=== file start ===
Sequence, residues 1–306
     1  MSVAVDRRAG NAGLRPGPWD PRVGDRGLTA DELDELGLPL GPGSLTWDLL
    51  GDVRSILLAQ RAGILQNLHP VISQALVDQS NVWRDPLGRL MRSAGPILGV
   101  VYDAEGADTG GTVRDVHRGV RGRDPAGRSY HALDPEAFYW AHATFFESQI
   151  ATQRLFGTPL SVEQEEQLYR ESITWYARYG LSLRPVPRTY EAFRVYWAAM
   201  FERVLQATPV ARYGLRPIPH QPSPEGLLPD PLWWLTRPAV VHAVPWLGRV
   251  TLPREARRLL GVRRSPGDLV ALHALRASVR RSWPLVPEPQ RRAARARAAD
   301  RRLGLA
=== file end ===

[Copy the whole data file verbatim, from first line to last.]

Sequence, residues 1–306
     1  MSVAVDRRAG NAGLRPGPWD PRVGDRGLTA DELDELGLPL GPGSLTWDLL
    51  GDVRSILLAQ RAGILQNLHP VISQALVDQS NVWRDPLGRL MRSAGPILGV
   101  VYDAEGADTG GTVRDVHRGV RGRDPAGRSY HALDPEAFYW AHATFFESQI
   151  ATQRLFGTPL SVEQEEQLYR ESITWYARYG LSLRPVPRTY EAFRVYWAAM
   201  FERVLQATPV ARYGLRPIPH QPSPEGLLPD PLWWLTRPAV VHAVPWLGRV
   251  TLPREARRLL GVRRSPGDLV ALHALRASVR RSWPLVPEPQ RRAARARAAD
   301  RRLGLA